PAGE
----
How long could you live without electricity?

by JH 29 Replies latest jw friends

  • TresHappy

    I am so spoiled stinking rotten, I probably couldn't live without electricity very long. I do know that my grandmother couldn't live without it at all, since she's hooked up to oxygen 24/7 due to her emphesyma.

  • Mulan

    We have a gas range so I can still cook when the power is out (happens a few times a year during wind storms). And we have a gas log fireplace on both floors of the house. It heats pretty well too, so we don't get too cold either.

    One year the power was out for several days (1993 in January). We had a rented generator because Princess and her husband were remodeling our downstairs for themselves, and the workers needed electricity for their power tools. I had a portable dishwasher at that time, and ran a very long heavy duty cord downstairs to run my dishwasher. Whew! At that time, I didn't have gas logs in the fireplace so bundled up when home, but I didn't stay home all day, and found a lot to do outside the house.

    The power went out last Sunday for about an hour, right at dinner time. It was a challenge for my parents (89 and 90). Mom is very, extremely light sensitive, and Dad is nearly blind. We had a camping lantern in the middle of the table so we could see dinner............Dad has to have full light to see (sort of) what he eats. Mom had a terrible time, because the light was so bright.............had to get sunglasses for her to wear. Amazing how dark it is at 6PM without any light but a Coleman lantern.


    You have to be able to survive in the Great White North at a moments notice..I can survive without electricity for as long as I have to,but I`d rather not...OUTLAW

  • Sara Annie
    Sara Annie

    8 days.

    Several years ago (97 I think?) we had a big ice storm in this region that not only knocked out power in rural areas, but hit the city very hard as well. We lost power for 8 (very long) days in our neighborhood. We decided to stick it out at home, and actually had several overnight guests since our large basement and fireplace afforded a warm, relatively comfortable place to camp out in the dead of winter. The loss of modern conveniences was difficult. We had a small generator that allowed us to use many electric items when necessary, and still had hot water to shower and clean up. We lost a chest freezer full of food, and our beautiful old maple trees were badly damanged.

    Interestingly, though the lack of electricity was quite annoying, I found that it was the constant exposure to family and friends that took the biggest toll on me. After 8 days, the novelty of rousing board games, daily McDonald's take out, reading aloud for entertainment, and communal campouts in the basement became a little tiresome. By day 7 as I was dragging in more wood for the fire, I was about ready to stand up and annouce to the sea of sleeping bags: "People, I love you all, but if the carbon monoxide doesn't get you all first, I will!"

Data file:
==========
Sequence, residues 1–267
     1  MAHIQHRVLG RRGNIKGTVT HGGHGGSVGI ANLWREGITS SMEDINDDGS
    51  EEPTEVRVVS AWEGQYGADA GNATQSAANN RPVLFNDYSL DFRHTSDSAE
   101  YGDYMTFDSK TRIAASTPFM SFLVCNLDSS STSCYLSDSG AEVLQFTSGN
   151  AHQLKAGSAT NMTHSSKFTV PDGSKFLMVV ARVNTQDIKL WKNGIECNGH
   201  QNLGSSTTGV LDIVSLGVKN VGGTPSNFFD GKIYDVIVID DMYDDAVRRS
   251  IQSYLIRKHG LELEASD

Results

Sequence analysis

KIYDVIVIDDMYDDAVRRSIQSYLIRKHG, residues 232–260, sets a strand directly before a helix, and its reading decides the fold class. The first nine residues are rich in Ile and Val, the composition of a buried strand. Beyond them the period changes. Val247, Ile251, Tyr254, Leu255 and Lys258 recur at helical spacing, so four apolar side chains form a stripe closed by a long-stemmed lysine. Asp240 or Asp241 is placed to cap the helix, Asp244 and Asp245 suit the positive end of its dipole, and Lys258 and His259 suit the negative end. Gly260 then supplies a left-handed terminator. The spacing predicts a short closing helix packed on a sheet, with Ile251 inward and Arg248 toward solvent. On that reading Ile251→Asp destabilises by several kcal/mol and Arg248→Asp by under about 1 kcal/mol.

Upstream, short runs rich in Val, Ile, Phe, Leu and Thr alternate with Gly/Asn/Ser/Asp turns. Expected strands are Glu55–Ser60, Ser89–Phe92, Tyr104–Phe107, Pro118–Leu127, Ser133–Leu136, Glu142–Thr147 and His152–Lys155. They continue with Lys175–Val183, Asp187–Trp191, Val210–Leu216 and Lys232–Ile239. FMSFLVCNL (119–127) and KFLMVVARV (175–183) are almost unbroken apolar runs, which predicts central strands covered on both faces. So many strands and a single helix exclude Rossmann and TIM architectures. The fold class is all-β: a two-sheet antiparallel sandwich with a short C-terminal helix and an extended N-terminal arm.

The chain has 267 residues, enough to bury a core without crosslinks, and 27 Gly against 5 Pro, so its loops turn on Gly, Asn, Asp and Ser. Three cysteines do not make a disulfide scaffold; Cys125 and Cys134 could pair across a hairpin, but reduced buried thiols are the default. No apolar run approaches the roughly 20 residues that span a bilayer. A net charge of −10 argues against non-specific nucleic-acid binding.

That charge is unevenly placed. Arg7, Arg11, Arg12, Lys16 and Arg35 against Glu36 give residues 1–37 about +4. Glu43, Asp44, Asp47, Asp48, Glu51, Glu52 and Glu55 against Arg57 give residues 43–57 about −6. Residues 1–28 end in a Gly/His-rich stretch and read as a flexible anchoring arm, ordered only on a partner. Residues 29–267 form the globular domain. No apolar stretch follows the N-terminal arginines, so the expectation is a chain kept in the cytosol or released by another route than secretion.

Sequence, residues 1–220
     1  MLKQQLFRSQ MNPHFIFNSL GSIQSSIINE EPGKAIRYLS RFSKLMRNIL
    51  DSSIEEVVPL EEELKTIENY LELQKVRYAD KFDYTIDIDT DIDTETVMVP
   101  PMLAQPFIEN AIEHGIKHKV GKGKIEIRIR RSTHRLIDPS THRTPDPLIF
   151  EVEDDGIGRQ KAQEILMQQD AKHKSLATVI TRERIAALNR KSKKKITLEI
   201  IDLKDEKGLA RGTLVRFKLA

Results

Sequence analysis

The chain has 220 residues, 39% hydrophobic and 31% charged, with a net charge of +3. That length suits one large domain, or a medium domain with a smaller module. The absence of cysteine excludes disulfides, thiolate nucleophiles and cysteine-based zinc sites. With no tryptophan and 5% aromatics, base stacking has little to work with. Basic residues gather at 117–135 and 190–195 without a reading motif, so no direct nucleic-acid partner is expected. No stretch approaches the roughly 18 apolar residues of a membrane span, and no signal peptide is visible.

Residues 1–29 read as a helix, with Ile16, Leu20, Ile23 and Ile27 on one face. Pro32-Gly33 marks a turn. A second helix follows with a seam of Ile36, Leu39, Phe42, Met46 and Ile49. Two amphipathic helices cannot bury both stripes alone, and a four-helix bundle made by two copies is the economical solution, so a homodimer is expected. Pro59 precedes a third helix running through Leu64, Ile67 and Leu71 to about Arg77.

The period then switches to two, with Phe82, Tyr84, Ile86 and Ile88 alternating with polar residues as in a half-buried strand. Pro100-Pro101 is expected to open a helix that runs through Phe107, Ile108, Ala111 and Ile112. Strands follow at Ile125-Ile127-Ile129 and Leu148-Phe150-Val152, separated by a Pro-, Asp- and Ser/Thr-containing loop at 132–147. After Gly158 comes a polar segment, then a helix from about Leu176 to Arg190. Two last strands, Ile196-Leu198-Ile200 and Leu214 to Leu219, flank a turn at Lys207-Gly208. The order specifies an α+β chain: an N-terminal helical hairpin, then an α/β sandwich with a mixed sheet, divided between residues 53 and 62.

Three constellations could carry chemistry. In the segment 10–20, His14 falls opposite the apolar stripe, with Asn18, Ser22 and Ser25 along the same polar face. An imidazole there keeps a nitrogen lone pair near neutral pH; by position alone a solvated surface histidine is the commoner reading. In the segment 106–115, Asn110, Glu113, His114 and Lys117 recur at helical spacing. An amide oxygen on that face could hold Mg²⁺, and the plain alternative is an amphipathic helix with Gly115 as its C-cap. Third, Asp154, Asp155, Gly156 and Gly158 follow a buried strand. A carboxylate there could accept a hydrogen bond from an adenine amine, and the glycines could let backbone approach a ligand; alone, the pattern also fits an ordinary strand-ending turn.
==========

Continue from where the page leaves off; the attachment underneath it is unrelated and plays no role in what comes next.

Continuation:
An all around interesting experience that I wouldn't want to live through again. My husband now says that one of the chief reasons we built our new house is so that we'd never live in a neighborhood with above ground power lines again.

  • acsot

    It's kind of a trick question - I mean, it would depend where you live, if you have any sort of back-up (generator, wood stove, fireplace) or whatever. During the ice storm of '98 I was in an apartment with electrical heating, so if friends hadn't had me stay at their place (my electricity was off for 5 days) during the time the temperature hit -15 Celsius, well I probably would have lived .... I dunno - a day? how long before you die of hypothermia?

    If I had a fireplace, or a gas stove to be able to cook, then it's not so bad, you can still function. Now I have a house and am thinking of buying a generator for next winter.

    And if you want to start a new thread, how about "how the 'loving' congregation did NOTHING to help the rank and file during the ice storm of '98", other than the elders making sure they (the elders) were okay and all accounted for .. grrrrr.....

  • seedy3

    Well here in Guam we have little worry about freezing to death, but keeping food is another story. We had 2 typhoons last year, one in July and one in December, both times the electrical distribution system was wiped out on the island. It actually is such a common occurence here that about every 3rd house owns a generator, usually a 5k, just enough for lights and keep the fridge cold. Ice is a hot item at the stores because of all the people without generator. Most people here have a gas cooktop of some sort as well.

    When I was in the states (MN), we always had alternative heating in the house, but when I moved to WI I was living in the city so we didn't have that option.


  • Trauma_Hound

    As long as I have gas I have power. My car is equiped with a power inverter, bought it to power my laptop and things, while I was on the road, and to charge video camera batteries. Will have my ham radio license soon, so even if the cell phone fails, I'll still have communications. Including digital communications, packet radio over the ham airwaves. Even when we had a bad storm that took our power out for 10 days, I stayed in my motor home, that I had at the time, so I was warm, and had power.

  • IronGland

    If I were in an older home I could probably get by. The problem is, houses today are designed around electricity,modern plumbing etc, so you can't really live like the old days even if you wanted to.

  • WildHorses

    I went two weeks without electricity while I was visiting a friends M-I-L in Mexico. I also went a week without power after Fran.

  • unclebruce

    question should be "why live some place where you need electricity!

    disconnected unc.

    adendumb: i have gas.

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